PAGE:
Adrian Lamo, who gained a reputation as the "homeless hacker" for his itinerant lifestyle has been sentenced to six months of home confinement after pleading guilty in January to charges that he broke into the internal computer network of The New York Times.
Lamo, 23, also was sentenced to two years of probation and ordered to pay more than $64,900 (£34,000) in restitution, after he hacked into the New York Times internal computer network, accessed and modified confidential databases and used the paper's LexisNexis account to conduct research, according to a spokesman for the US Attorney's Office for the Southern District of New York.
Lamo acknowledged hacking into the Times' network in February 2002 and accessing a database containing personal information on more than 3,000 individuals who contributed editorials to the paper's Op-Ed page. Lamo also acknowledged setting up user accounts through the Times account with the LexisNexis online information service, which Lamo used for more than 3,000 searches over a three-month period.
Lamo faced a statutory maximum of up to five years in prison and a fine of $250,000 for his crimes. The restitution includes $18,500 to cover the cost of the LexisNexus searches, said Sean Hecker, Lamo's attorney. The Times initially estimated those costs at about $300,000.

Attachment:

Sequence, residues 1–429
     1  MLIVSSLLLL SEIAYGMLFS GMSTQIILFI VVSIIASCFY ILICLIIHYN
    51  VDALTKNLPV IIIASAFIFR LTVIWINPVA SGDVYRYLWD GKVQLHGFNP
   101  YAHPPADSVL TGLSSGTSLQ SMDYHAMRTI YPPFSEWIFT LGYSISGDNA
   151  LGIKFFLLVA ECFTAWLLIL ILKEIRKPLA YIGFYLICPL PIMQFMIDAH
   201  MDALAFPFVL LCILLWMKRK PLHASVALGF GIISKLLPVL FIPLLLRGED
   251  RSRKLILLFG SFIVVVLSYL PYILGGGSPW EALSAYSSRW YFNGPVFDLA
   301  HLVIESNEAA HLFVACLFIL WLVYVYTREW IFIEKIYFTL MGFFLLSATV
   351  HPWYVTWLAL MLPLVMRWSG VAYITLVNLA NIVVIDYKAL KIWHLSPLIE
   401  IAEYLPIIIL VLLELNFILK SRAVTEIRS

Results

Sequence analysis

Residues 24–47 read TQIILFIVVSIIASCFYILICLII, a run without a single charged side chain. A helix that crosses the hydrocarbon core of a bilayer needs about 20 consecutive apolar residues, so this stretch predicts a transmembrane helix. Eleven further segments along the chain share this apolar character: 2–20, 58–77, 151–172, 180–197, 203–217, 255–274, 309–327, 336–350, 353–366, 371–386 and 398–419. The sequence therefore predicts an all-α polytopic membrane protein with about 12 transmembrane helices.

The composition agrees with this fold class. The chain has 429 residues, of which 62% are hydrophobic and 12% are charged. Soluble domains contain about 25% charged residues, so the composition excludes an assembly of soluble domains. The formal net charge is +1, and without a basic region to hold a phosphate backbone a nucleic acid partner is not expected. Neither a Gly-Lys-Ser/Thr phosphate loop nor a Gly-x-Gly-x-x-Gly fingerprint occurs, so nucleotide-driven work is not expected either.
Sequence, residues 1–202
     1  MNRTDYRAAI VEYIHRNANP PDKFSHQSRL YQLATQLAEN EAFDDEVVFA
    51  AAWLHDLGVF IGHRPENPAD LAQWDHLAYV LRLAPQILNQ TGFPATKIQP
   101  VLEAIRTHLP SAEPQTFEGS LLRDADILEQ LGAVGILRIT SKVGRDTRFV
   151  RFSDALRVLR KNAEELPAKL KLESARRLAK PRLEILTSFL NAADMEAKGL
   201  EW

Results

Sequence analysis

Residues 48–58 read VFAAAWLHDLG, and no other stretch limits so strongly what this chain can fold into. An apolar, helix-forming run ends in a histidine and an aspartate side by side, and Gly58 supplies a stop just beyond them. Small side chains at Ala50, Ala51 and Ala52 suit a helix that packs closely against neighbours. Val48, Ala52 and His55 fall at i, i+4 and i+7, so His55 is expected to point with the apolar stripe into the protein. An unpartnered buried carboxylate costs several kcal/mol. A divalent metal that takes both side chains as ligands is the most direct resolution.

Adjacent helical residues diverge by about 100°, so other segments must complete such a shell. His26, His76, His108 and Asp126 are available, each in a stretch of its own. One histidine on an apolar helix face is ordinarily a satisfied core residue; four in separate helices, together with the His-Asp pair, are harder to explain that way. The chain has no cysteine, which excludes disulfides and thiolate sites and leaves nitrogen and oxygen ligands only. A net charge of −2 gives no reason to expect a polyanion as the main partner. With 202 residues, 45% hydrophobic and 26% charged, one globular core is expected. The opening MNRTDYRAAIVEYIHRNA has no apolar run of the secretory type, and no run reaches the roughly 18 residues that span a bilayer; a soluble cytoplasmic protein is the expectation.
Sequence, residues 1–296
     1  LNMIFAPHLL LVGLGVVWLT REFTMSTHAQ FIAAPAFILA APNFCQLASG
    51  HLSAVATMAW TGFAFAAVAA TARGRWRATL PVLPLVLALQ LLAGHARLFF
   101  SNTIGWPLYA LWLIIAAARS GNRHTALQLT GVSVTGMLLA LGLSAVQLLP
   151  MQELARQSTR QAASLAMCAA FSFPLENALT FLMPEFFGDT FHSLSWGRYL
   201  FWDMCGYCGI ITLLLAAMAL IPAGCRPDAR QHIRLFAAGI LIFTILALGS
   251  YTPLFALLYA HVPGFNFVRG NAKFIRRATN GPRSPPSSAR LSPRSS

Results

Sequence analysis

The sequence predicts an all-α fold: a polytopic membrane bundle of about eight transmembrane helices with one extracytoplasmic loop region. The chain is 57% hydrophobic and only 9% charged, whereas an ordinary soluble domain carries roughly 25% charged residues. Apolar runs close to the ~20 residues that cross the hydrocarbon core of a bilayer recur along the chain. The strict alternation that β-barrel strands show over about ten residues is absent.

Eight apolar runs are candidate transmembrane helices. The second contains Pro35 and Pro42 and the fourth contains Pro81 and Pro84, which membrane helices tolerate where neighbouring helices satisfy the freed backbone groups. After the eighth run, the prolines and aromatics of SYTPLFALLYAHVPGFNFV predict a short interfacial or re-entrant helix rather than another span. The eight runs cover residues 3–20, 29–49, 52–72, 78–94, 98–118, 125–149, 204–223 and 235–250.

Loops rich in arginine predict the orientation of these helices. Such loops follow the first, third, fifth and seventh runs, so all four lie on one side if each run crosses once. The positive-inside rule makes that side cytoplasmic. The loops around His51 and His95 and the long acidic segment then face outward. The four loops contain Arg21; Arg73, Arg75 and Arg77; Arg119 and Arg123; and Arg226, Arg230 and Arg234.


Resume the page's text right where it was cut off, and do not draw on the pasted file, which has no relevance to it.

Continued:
During his probation, Lamo will have restricted access to computers and e-mail and will be monitored by probation officers, Hecker said.
Lamo will live at his parents' home in Sacramento, California, during the home detention. He will be allowed to leave home to attend school but probably will have to wear a monitoring bracelet that tracks his movements throughout the detention period.
Lamo gained notoriety long before hacking The New York Times for his rootless life on the streets of San Francisco and for his skill in penetrating the networks of high-profile companies such as Yahoo, Microsoft and Worldcom.
Lamo confessed to the Times break-in during an interview with Securityfocus.com, a computer security news website, in February 2002. That confession prompted an internal investigation by the Times that uncovered evidence of Lamo's activities, and resulted in a case being opened by the FBI.
Before turning himself in to authorities in Sacramento, Lamo spent a number of days in hiding after the government issued a warrant for his arrest in September 2003.
"I think the sentence is fair and just and the resolution is a good one. Adrian is looking forward to putting all this behind him," Hecker said.
Paul Roberts writes for IDG News Service